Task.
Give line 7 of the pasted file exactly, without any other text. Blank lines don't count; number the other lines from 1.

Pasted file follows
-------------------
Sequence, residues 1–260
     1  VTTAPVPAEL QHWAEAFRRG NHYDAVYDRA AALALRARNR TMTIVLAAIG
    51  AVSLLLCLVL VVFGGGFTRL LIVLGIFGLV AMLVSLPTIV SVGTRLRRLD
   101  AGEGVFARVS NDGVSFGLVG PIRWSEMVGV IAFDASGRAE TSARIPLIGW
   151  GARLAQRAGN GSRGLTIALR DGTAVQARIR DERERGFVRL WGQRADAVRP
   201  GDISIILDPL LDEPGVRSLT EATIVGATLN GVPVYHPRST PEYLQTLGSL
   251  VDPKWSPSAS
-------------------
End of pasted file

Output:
   251  VDPKWSPSAS